5. Flair was a true performer, and a great worker. I don't use the word "worker" interchangeably with "wrestler." When I say worker, I mean he gave his all in everything he did. Bischoff knew he could never ask Flair to simply lay down like he asked Nash to do.

6. Flair built one of the durable stables of all time: the four horsemen. He put hard workers like Arn Anderson, Chris Benoit, and Dean Malenko into the group. As strong as the nWo was, it will never eclipse the horsemen for durability.

7. Flair put on a show in his days in Crockett. He was performed at a high level in WWF and in WCW, and he is one of the most over wrestlers into his fifties now in the WWE. For all of the talk of wanting young wrestlers, very few complain at Flair's weekly Raw appearances. No one complained that Flair held the tag titles with Batista. I have heard very few complain at Flair holding the I-C title. Hogan only comes in now for a short-term (and even then, he demanded to win the match with Michaels), Flair performs and entertains to a level that Hogan couldn't since 1991.

Flair is a true icon. The only reason that he hasn't been placed in the WWE hall of fame is that he is still a regular. To deny his place as an icon is a slap in the face of wrestling. His unselfishness, his leadership, his ability to perform consistently at a high level for decades, and his love by all those that see him makes him the stand with Sammartino, Gorgeous George and above Hogan.
Cam M. wrote:
So Ric Flair is not an icon, but Micheal Hayes is. An Icon by definition has reached the pinnalce as an enduring symbol and object of overwhelming devotion. So not The Rock, who monetarily speaking is the biggest crossover star of all time. And not Jesse Ventura who's wrestling noteriety took him all the way to the Minessota governor's mansion. Theme music or not, Micheal Hayes is not an icon. A lower tier Legend perhaps, but no Icon.
NamaewaJieshii wrote:
I have to say that you missed the Undertaker. I'm not talking about today's Undertaker or 1996's Undertaker; I'm talking about the debuting Undertaker. He made an art of speaking few words, being a giant, being athletic, and wearing an all-body outfit while also having a deep character.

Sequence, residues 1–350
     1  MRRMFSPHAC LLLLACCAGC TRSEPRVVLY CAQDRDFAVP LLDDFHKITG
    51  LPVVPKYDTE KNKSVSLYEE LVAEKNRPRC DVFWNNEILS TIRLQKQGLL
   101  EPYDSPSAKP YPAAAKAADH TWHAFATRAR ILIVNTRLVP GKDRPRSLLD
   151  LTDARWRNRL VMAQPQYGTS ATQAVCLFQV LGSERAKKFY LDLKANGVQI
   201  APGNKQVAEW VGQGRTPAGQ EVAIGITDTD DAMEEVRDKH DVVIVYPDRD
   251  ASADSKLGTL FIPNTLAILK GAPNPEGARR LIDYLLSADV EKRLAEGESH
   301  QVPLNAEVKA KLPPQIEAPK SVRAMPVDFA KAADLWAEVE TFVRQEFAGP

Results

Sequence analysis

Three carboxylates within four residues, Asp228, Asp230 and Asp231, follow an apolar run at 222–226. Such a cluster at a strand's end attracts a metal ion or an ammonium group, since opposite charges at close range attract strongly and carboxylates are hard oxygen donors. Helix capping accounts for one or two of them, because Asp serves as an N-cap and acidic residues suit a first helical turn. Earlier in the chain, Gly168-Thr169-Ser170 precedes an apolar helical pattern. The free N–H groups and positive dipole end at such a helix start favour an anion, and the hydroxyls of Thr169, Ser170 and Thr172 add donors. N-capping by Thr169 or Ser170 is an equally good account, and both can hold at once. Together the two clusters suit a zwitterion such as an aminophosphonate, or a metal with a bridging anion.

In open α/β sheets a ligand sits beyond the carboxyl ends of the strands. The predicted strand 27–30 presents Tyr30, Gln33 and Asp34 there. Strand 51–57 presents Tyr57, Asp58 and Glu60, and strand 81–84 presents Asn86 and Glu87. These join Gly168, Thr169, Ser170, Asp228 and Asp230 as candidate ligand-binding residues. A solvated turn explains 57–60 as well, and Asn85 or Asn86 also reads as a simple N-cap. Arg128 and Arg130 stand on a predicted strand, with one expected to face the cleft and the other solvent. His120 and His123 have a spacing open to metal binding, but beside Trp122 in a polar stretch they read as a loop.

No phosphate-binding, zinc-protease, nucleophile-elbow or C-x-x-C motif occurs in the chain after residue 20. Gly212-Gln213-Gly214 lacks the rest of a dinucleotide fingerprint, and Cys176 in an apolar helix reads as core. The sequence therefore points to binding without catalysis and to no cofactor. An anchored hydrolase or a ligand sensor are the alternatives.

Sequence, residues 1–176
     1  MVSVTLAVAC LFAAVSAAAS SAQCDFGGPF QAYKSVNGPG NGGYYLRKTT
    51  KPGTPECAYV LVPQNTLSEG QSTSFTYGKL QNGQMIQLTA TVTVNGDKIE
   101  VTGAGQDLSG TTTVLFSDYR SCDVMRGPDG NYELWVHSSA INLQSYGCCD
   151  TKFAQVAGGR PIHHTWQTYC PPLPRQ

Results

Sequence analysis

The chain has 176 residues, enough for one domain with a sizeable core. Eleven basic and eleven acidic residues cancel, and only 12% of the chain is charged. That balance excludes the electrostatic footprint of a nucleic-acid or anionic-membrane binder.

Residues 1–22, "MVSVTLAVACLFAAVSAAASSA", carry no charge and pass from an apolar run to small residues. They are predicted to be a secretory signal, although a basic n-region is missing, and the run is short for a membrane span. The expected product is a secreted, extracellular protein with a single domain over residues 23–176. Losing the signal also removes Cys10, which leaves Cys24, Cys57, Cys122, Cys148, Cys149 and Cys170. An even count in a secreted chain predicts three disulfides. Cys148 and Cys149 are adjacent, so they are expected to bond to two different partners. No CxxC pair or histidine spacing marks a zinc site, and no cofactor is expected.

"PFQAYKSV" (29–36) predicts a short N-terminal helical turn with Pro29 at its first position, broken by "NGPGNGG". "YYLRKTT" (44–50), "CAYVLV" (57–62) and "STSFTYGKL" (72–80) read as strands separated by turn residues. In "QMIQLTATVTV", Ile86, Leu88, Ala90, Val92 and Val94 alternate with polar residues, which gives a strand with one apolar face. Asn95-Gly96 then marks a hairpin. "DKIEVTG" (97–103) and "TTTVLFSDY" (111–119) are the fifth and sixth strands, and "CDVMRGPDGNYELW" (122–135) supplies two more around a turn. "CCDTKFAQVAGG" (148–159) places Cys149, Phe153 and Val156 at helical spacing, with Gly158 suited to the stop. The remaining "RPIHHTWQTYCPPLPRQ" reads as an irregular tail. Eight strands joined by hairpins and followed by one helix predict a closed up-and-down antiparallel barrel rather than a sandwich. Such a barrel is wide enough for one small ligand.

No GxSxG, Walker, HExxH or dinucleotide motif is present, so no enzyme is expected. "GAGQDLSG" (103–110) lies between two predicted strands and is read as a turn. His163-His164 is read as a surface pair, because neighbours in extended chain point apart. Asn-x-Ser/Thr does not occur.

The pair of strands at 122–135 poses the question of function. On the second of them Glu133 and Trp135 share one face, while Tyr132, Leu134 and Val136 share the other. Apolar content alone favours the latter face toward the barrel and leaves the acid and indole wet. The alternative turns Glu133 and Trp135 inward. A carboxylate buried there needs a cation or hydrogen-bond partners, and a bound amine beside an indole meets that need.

There was/is so much to the Undertaker's character that you could jump into it and never touch the bottom. He was the first character to have given us a "mystical" character that very few would want to get inside the head of.

I also say Mankind (1996's version) and Jake the Snake (in his prime) should also be added. While the Mankind character where he was able to get inside your head never stayed around too long, it was stil something new of a concept to have. A wrestler, careless of his own body and will do anything to destroy his opponent. Tag that with his two-theme combo of before & after, he was something special. I can't say much for Jake Roberts, because I wasn't around in his prime. All I know is that the man was creepy and sat the stage for psychology (not ring psychology) for wrestlers like Undertaker, Mankind, Sting, Vampiro, Gangrel, and other "dark/creepy/mystical" characters.
David Shidler wrote:
What about Bret Hart" The man who proved that not only "big guys" weren't the only ones who could wear the belt. The Hitman drew fans for years. He never backed down from anyone, and people paid to see it. He was fearless on LIVE PPV in 1997 in Motreal, by turning the gimmics of Triple H and Steve Austin into a reality. He undoubtedly should be named an Icon for his constant striving and pioneering in the wrestling industry.
dave k wrote:
awesome article,maybe snuka and brody should have been included. all that you named are appropriate.
Joe Poulton wrote:
Randy Macho Man Savage was a heel to come over as a baby face years before Steve Austin.